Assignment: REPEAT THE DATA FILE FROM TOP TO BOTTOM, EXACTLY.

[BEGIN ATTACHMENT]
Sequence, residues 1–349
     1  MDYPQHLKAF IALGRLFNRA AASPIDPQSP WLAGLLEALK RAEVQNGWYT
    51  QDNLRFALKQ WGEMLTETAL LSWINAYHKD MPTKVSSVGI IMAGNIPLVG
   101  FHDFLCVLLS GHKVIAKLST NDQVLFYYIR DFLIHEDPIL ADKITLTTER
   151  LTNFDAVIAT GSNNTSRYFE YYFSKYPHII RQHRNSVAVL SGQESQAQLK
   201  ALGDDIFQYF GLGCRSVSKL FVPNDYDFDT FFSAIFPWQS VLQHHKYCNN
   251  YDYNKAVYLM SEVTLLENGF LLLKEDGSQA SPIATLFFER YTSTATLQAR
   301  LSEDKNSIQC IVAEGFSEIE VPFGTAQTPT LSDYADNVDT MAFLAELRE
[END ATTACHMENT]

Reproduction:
Sequence, residues 1–349
     1  MDYPQHLKAF IALGRLFNRA AASPIDPQSP WLAGLLEALK RAEVQNGWYT
    51  QDNLRFALKQ WGEMLTETAL LSWINAYHKD MPTKVSSVGI IMAGNIPLVG
   101  FHDFLCVLLS GHKVIAKLST NDQVLFYYIR DFLIHEDPIL ADKITLTTER
   151  LTNFDAVIAT GSNNTSRYFE YYFSKYPHII RQHRNSVAVL SGQESQAQLK
   201  ALGDDIFQYF GLGCRSVSKL FVPNDYDFDT FFSAIFPWQS VLQHHKYCNN
   251  YDYNKAVYLM SEVTLLENGF LLLKEDGSQA SPIATLFFER YTSTATLQAR
   301  LSEDKNSIQC IVAEGFSEIE VPFGTAQTPT LSDYADNVDT MAFLAELRE